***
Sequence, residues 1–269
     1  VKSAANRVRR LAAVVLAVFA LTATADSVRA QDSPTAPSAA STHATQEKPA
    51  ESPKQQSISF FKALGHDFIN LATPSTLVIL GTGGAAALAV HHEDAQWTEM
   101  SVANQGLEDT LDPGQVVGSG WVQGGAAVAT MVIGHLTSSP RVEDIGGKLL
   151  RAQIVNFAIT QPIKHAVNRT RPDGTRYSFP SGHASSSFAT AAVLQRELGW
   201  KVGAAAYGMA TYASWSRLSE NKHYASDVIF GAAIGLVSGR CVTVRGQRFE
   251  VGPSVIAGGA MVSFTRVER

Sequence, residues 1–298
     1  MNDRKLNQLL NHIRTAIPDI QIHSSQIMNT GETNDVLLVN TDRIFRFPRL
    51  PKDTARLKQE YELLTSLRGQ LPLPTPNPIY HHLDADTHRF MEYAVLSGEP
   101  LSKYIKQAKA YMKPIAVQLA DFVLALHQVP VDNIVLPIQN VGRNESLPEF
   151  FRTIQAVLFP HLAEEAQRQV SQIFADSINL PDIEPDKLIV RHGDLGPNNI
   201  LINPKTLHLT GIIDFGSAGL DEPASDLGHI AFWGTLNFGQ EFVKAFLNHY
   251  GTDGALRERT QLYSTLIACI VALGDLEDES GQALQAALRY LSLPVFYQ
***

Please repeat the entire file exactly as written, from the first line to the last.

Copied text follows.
Sequence, residues 1–269
     1  VKSAANRVRR LAAVVLAVFA LTATADSVRA QDSPTAPSAA STHATQEKPA
    51  ESPKQQSISF FKALGHDFIN LATPSTLVIL GTGGAAALAV HHEDAQWTEM
   101  SVANQGLEDT LDPGQVVGSG WVQGGAAVAT MVIGHLTSSP RVEDIGGKLL
   151  RAQIVNFAIT QPIKHAVNRT RPDGTRYSFP SGHASSSFAT AAVLQRELGW
   201  KVGAAAYGMA TYASWSRLSE NKHYASDVIF GAAIGLVSGR CVTVRGQRFE
   251  VGPSVIAGGA MVSFTRVER

Sequence, residues 1–298
     1  MNDRKLNQLL NHIRTAIPDI QIHSSQIMNT GETNDVLLVN TDRIFRFPRL
    51  PKDTARLKQE YELLTSLRGQ LPLPTPNPIY HHLDADTHRF MEYAVLSGEP
   101  LSKYIKQAKA YMKPIAVQLA DFVLALHQVP VDNIVLPIQN VGRNESLPEF
   151  FRTIQAVLFP HLAEEAQRQV SQIFADSINL PDIEPDKLIV RHGDLGPNNI
   201  LINPKTLHLT GIIDFGSAGL DEPASDLGHI AFWGTLNFGQ EFVKAFLNHY
   251  GTDGALRERT QLYSTLIACI VALGDLEDES GQALQAALRY LSLPVFYQ